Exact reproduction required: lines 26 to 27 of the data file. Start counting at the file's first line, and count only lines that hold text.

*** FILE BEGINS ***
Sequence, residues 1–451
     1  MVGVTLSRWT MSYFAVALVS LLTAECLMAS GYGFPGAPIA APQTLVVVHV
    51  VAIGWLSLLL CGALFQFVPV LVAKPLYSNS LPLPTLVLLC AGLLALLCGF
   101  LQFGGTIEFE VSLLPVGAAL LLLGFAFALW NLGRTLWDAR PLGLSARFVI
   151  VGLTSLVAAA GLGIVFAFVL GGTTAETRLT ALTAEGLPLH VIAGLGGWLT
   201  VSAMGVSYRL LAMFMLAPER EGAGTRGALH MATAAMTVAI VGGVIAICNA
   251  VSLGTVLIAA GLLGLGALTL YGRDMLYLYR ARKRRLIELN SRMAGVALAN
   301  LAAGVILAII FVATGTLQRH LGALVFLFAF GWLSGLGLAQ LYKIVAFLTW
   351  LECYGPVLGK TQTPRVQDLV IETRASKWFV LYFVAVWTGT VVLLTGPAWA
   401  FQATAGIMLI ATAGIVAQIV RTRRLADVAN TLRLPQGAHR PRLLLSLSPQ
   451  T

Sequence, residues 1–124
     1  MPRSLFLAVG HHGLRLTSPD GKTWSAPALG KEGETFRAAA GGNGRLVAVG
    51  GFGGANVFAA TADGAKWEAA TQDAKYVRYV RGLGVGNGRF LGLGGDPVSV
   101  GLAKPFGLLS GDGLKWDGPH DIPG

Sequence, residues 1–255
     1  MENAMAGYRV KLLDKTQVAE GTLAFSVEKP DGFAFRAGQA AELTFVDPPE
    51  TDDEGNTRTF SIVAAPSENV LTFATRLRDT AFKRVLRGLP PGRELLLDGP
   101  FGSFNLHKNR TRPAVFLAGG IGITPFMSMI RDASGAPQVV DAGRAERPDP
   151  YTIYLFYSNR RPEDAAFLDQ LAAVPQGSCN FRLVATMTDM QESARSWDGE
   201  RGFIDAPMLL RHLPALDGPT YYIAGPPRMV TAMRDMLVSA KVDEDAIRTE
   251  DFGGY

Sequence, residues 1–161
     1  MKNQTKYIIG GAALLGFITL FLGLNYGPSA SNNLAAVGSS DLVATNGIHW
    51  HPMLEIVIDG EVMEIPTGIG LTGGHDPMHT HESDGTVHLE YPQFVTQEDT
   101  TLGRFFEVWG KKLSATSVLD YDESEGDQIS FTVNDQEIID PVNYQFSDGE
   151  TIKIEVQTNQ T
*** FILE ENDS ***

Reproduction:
   101  TLGRFFEVWG KKLSATSVLD YDESEGDQIS FTVNDQEIID PVNYQFSDGE
   151  TIKIEVQTNQ T